Longtime AP correspondent, editor Marcus Eliason dies at 75

Marcus Eliason, an international journalist whose insightful reporting, sparkling prose and skillful editing graced Associated Press news wires for almost a half-century, has died. He was 75.

He had been diagnosed with Alzheimer’s disease, developed pneumonia earlier this week at a nursing home, and died on Friday in a New York hospital, his family said.

From Israel and the 1967 Six-Day War to apartheid-era South Africa and on to Afghan battlegrounds, bloody Belfast, the Iron Curtain’s fall, the handover of Hong Kong and countless other datelines and stories, Eliason witnessed and reported on some of the great world events of the 20th century’s final decades. And when that century drew to a close, it was the Eliason touch that greeted the new one.

“From East to West and North to South, the world welcomed the new millennium in a shimmering tapestry of song and light that rippled around the globe,” he led off AP’s main article on January 1, 2000.

By then he had moved on to his final posting, from which he retired in 2014, as a New York-based editor of some of AP’s biggest stories and projects — and, finally, as chief editor for international feature stories, a valued guiding hand for scores of AP reporters worldwide.

“A classic AP go-to guy is gone,” said former AP President and CEO Louis D. Boccardi. “Even a quick look at the outline of his assignments, both abroad and here at home, says it all. If there was a tough assignment that needed a steady hand, Marcus was often the choice.”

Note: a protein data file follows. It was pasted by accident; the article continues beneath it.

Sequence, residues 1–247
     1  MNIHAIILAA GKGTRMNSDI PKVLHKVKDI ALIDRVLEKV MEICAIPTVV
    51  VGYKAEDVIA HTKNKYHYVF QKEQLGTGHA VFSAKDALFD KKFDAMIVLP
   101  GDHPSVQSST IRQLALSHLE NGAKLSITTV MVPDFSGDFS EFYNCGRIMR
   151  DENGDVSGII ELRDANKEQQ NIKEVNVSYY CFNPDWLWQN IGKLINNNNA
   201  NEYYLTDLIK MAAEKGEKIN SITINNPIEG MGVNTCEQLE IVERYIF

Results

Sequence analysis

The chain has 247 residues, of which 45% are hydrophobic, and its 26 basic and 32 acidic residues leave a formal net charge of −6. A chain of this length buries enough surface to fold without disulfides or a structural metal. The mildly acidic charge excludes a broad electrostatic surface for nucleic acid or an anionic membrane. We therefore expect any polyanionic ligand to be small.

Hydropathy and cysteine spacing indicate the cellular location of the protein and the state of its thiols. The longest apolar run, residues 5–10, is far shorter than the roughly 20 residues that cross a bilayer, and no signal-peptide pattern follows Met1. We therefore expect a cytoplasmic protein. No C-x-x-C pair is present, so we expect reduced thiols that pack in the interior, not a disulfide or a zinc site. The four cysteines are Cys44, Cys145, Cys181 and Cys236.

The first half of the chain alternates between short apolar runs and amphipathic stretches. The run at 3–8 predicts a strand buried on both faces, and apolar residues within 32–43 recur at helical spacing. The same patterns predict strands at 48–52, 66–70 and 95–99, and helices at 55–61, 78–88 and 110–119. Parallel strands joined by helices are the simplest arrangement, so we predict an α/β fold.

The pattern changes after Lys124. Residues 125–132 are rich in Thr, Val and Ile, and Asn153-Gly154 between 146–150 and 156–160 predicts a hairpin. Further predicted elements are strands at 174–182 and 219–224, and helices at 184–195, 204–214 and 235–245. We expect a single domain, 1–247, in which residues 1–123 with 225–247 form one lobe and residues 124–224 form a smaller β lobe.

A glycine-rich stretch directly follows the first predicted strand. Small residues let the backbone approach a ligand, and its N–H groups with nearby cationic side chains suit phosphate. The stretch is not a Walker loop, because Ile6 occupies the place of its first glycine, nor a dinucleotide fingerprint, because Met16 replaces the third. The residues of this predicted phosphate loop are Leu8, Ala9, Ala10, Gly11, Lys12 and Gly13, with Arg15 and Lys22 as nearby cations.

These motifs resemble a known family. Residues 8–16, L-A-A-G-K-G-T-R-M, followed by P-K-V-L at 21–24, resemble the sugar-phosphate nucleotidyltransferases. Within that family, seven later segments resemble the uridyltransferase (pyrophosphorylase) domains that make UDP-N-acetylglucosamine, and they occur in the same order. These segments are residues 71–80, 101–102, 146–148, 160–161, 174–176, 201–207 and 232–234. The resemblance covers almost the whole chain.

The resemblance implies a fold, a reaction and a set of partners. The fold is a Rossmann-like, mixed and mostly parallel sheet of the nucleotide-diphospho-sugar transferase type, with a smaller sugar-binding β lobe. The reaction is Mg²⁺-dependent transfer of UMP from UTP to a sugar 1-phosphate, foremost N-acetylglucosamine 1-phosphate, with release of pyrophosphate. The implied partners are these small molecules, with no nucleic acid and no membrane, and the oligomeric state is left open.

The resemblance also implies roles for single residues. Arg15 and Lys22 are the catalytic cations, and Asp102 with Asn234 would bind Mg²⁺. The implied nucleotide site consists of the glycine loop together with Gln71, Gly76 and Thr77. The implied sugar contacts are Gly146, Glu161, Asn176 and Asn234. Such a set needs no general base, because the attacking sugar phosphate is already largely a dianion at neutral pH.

“Marcus was a wonderful writer and editor, erudite, wise and supporting,” said former AP International Editor John Daniszewski, now the AP’s vice president and editor-at-large for standards. Observed Claude Erbsen, a longtime correspondent and global AP executive: “He could make words sing and dance.”

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Jack Marcus Eliason was born on Oct. 19, 1946 to Jewish immigrant parents from Europe and grew up in Bulawayo, Rhodesia. At age 20, after a brief apprenticeship at The Jerusalem Post in Israel, Eliason joined the AP bureau in Tel Aviv as a messenger and trainee “puncher,” or operator of the Telex machine used to transmit stories.

A month later, on June 6, 1967, the Arab-Israeli conflict known as the Six-Day War broke out. When the new hire arrived at work and was chastised for not rushing in earlier, he told of having to buy emergency groceries for his mother, dig a backyard bomb shelter, pick up stranded hitchhikers, and so on.

“Don’t stand there talking about it, kid,” an old hand growled. “Write it down.”

He did, launching a sterling career in news and being promoted to staff reporter a year later. Once asked how he learned to write so well, he replied, “By punching the great copy of journalists in the AP bureau in Tel Aviv.”

Through the 1970s, the Eliason byline topped some of the biggest stories from the Middle East: terror attacks and Israeli government turmoil, another Arab-Israeli war, Anwar Sadat’s history-making 1977 visit to Jerusalem.

“Anwar Sadat, president of Egypt, had landed …read more

Source:: Headlines News4jax

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